Victor Pickard: I’m Victor Pickard. I’m an associate professor here at the Annenberg School, and I do work on the political economy of media, which means I look at structural characteristics that enable or constrain different kinds of media including journalism. My work has an emphasis on media policy and media history. I think I have probably a broad view on the many risks facing journalism. I think the immediate association is often involving state oppression and, clearly, journalism and journalists are under threat around the world from various oppressive governments. But I think media at risk also entails structural risks, such as what might be referred to as market failure and policy failure and, to be a little more specific, the market failure entails, lack of financial support for journalism, and there’s a kind of violence to the market that is driving journalism, into the ground in many ways, especially in the United States, but also around the world.

And then in terms of policy failure, I think that we could argue that given the stake involved, that this is such a tremendous social problem, the fact that we are not responding as a society, again, especially here in the United States, amounts to a kind of policy failure where we essentially are allowing journalism to wither because it’s not profitable, it’s not being supported by the market and yet, democracy still requires it. So that, in my view, is a kind of policy failure.

Diana Mutz: My name is Diana Mutz and I’m the Samuel Stouffer Professor of Political Science and Communication. When I think about media at risk, my first thought is, at risk of what? And one thing I’ve noticed, not only about myself but about the media in general at this moment in the political history, is you’re certainly not at risk of n- not having big enough audiences because I think I’m paying more attention to political news than I ever have, given the tumultuous turns of events that seem to happen on a daily basis. So, for me, when I think about the real risks the media face right now, it is, I think, centered around regulation and the kinds of string reactions that we’re seeing to fake news, misinformation, and so on and so forth. And, as someone who studied all kinds of new developments as they come along in political communication, I remember a very similar kind of outrage with televised political ads. People were certain they meant the end of democracy, that people would be endlessly manipulated by them and so forth. Now, they seem like, you know, old hat, not a big deal, we’re very accustomed to them. But I think every time a new communication technology like, social media in this case, comes out, there’s a very strong reaction that is based on fear, and a sense of threat and, often, we go too far and in terms of enacting regulations and so forth. And I think that’s probably the biggest media face right now.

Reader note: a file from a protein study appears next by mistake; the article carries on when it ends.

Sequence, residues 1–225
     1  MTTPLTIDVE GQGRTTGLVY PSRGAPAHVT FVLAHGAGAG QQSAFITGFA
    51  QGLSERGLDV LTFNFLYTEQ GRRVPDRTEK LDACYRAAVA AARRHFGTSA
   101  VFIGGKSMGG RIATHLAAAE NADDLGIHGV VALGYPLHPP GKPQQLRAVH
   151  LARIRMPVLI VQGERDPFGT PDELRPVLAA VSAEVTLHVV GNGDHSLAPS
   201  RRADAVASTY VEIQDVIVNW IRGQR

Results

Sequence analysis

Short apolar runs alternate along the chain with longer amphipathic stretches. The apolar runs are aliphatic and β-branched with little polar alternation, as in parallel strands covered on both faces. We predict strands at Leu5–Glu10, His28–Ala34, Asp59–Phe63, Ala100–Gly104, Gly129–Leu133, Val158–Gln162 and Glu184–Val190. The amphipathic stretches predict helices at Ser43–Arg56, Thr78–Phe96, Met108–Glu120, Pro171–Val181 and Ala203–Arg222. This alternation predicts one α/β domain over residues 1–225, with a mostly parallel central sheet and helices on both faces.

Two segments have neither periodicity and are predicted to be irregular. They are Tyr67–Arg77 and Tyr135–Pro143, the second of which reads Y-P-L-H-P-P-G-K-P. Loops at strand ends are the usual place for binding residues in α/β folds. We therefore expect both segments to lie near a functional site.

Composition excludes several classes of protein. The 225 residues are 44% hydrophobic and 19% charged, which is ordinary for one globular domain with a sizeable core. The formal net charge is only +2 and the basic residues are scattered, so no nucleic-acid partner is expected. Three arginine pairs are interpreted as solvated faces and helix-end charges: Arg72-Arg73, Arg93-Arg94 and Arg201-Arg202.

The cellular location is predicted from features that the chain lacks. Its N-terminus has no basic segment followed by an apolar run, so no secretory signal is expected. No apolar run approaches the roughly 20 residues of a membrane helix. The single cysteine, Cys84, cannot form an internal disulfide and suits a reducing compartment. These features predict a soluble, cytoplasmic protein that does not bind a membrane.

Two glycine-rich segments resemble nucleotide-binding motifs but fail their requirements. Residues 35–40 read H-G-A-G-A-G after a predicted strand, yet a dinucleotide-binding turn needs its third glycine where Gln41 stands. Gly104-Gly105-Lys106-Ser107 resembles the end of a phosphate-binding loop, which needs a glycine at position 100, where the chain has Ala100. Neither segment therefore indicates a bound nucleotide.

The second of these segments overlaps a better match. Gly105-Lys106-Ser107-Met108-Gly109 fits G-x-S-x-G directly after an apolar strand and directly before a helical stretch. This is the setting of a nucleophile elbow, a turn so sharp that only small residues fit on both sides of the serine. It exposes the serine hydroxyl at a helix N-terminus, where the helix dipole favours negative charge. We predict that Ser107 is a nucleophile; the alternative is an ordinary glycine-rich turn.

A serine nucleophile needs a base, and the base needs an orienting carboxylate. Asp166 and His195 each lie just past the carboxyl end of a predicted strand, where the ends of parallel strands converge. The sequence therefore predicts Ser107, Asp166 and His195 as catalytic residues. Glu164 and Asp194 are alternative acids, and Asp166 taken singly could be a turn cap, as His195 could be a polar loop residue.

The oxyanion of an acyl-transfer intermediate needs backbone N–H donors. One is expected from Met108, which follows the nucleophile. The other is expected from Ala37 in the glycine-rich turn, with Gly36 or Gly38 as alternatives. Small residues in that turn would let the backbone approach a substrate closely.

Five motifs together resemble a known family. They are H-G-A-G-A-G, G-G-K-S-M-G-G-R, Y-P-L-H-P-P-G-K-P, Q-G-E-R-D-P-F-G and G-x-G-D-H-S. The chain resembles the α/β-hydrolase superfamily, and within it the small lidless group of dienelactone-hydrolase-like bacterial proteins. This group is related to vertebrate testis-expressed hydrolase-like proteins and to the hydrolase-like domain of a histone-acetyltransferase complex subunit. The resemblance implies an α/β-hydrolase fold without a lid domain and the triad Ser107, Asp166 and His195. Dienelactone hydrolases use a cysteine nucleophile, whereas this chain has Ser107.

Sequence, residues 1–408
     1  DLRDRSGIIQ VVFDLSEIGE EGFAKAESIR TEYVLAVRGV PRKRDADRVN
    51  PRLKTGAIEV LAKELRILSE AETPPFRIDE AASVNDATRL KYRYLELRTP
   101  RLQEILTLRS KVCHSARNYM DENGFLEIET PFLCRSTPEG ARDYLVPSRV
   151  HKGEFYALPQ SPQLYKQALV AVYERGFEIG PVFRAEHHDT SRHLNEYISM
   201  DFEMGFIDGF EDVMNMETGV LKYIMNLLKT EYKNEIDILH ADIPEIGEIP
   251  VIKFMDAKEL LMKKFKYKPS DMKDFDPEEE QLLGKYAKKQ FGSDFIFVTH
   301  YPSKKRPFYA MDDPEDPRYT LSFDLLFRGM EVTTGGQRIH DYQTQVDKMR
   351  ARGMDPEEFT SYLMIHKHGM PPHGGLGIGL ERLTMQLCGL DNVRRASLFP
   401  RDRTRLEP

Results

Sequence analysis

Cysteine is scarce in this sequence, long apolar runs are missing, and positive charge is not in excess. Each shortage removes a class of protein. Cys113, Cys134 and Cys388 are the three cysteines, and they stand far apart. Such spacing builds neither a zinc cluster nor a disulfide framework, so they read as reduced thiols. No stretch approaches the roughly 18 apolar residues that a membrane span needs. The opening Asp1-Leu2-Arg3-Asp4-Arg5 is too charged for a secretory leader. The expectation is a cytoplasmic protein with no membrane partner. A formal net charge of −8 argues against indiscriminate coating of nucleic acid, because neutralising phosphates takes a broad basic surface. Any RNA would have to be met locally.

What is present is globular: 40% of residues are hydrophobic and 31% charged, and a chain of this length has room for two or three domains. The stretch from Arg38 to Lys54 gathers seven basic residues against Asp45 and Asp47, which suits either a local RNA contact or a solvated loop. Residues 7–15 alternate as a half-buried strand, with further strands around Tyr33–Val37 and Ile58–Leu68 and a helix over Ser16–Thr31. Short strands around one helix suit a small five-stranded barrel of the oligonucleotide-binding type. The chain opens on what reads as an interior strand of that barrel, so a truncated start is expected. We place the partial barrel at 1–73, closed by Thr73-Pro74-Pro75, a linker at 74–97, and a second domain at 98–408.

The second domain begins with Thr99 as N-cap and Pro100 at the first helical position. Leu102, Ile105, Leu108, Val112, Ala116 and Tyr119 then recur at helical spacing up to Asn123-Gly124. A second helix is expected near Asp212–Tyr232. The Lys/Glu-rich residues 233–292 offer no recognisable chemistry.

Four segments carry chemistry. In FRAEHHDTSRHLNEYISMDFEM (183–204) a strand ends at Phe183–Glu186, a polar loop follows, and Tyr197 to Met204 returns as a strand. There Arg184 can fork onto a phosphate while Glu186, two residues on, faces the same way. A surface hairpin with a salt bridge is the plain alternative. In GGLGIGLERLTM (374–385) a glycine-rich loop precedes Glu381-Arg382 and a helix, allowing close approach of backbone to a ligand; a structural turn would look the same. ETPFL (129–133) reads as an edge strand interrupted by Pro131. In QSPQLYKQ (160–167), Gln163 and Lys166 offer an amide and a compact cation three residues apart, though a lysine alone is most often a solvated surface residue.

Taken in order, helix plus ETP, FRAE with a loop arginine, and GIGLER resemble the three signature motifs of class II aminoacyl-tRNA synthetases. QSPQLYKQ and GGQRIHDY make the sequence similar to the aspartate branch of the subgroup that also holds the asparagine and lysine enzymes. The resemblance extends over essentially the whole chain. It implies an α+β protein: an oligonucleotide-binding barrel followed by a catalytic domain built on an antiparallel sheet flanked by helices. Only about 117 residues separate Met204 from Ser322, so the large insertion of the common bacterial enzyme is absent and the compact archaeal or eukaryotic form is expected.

Muira: I guess we need to start with the question of who are you?

Monroe Price: Who am I? I’m Monroe Price and I’m a professor in my waning years here at the Annenberg School for Communication.

Muira: And what do you do when you’re in this building?

Monroe: I sit in my office. I, help … Students come and talk to me. I think modest thought and, I go down the hall and talk to Joe Turow.

Muira: So, I guess I’m wondering what the term “media at risk” means to you.

Monroe: Well I think that, media is intermediate phenomenon. So the question is, what’s really at risk here. Is a political system at risk, is, individual’s participation in society at risk, is our ability to know, and be informed about, government at risk? And what do we mean by media as a portion of that. And here, I’ve certainly been interested in, media in various parts of the world. I was just noticing a story in The Guardian about the BBC losing out to Netflix become- because the … So, all these media around the world are in positions of risk economically.

Muira: Right.

Monroe: They’re at risk because humans are turning to other sources of information, good or bad, and the thing called media is, weakens as a consequence of that.

Muira: What is the thing called media? I’m still trying to figure that out.

Monroe: There’s another thing that I’m, was just looking at and, want to look at more closely, and that is, in 1990, when the wall came down, what did the group of people in the West who were concerned about media think media was as a way of assuring that those benighted individuals behind the Iron Curtain had media. So, you can look at the kind of arc between 1990 and now in terms of the creation and support of the thing we call the media that was supposed to play a role, and try to determine what happened to those things. So the, something that I was interested in at the time was what I call the “enabling environment for free and independent media.” And I actually wrote an essay about this for USAID. And I think that’s one of the things that’s media at risk is the weakening of the quote, enabling environment.

So what is … The enabling environment is rule of law, it’s economic security, it’s independent journalism. All these concepts which are constructed and we’ve come to- to think of them as- as given and- and- and sort of endowed, part of the endowment. And- and I think that’s at risk. So, if you think it’s media require an enabling environment, the enabling environment is at risk, and as a consequence, media research at risk.